• We helped reverse Medicare contractor non-coverage for a biologic in one year through our payer advocacy services, the GIRS Payer Advocacy Compass (PAC)™.
  • Our Payer Advocacy Compass (PAC)™ has successfully expanded coverage for our clients’ products. In one case, we helped increase commercial payer-covered lives for a biologic from nearly a 160 million in 2010 to more than 185 million in 2012, mainly due to positive coverage as a result of effective payer advocacy services.
  • Our knowledgeable staff helped revise key sections of the new CPT® Coding Book.
  • We developed successful market entry strategies in the U.S., Canada, and Europe for a point-of-care diagnostic based on global reimbursement assessments. We are among the few companies that have extensive experience in point-of-care diagnostic reimbursement experience.
  • The GIRS InContact Reimbursement Line™ has a proven track record for contributing to patient access and increased sales. Our support of an unlisted code contributed to a 30% increase in sales for one client.

 

What trends do you see emerging in the drug/device industry that might bring substantial changes in the coming months/years?

I think the fact that more than 50 “blockbuster“ drug patents are going to expire in the next few years is going to have a major impact on the industry. Pharmaceutical companies are under intense pressure to replace these drugs, which have represented 50 to 60 percent of pharmaceutical sales, with new drugs, so, I think we’ll see an uptick in pharmaceutical development.

But, there is also a payer trend, accelerated by health care reform, to require more rigorous evidence of clinical effectiveness, comparative effectiveness, and cost effectiveness of new products compared to established alternatives. GIRS can help clients understand and meet payer expectations of evidence for new drugs and devices.

One industry trend in particular that has already shown huge growth potential are biologic-based drugs, such as monoclonal antibodies (mAbs), therapeutic proteins, and vaccines. Development of small-molecule drugs that make up the bulk of our traditionally recognized blockbuster drugs will soon start to taper off in favor of biologics and, at GIRS, we actually have a strong focus on biologic reimbursement. For these reasons, I look forward to the emergent new product development in this area and taking on new coding and coverage challenges in the near future.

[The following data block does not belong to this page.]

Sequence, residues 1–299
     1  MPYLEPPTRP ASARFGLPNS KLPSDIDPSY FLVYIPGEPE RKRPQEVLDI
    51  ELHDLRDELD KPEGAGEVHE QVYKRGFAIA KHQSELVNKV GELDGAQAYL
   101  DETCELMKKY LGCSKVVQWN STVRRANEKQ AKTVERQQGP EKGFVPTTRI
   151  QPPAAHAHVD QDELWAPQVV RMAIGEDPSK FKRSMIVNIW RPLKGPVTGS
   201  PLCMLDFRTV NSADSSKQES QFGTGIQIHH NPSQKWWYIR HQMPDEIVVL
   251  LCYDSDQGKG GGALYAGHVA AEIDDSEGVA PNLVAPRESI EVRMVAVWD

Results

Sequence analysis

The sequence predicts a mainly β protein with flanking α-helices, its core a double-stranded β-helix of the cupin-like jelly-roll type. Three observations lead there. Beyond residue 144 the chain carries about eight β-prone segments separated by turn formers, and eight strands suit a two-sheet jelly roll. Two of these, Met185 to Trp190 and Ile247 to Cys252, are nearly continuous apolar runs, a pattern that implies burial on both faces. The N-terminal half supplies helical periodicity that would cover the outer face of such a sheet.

How might companies benefit at the juncture of strong regulatory and reimbursement strategies? What’s the payoff at this intersection for companies that take an integrated approach to their product’s success?

We find that integrated strategies for regulatory and reimbursement success help our clients improve patient access to their pharmaceuticals, devices, diagnostics, and biologics. This includes helping companies to succeed by encouraging them to adopt sound regulatory strategies. When evidence is under development, obtaining reimbursement through provider support hotlines and benefit verifications and appeals services helps further improve market uptake and patient access of our client’s pharmaceuticals, medical devices, diagnostics, and biologics products. Strong payer advocacy efforts, including coverage with evidence development proposals, further ensure that our client’s products are here to stay for the long haul.

Helping people by improving quality of life or extending life expectancy is why so many people get into this business, so, why wouldn’t you want to offer the benefits of your product to as many people as possible? Our integrated approach also ensures that our clients are implementing safer and more effective marketing and sales strategies.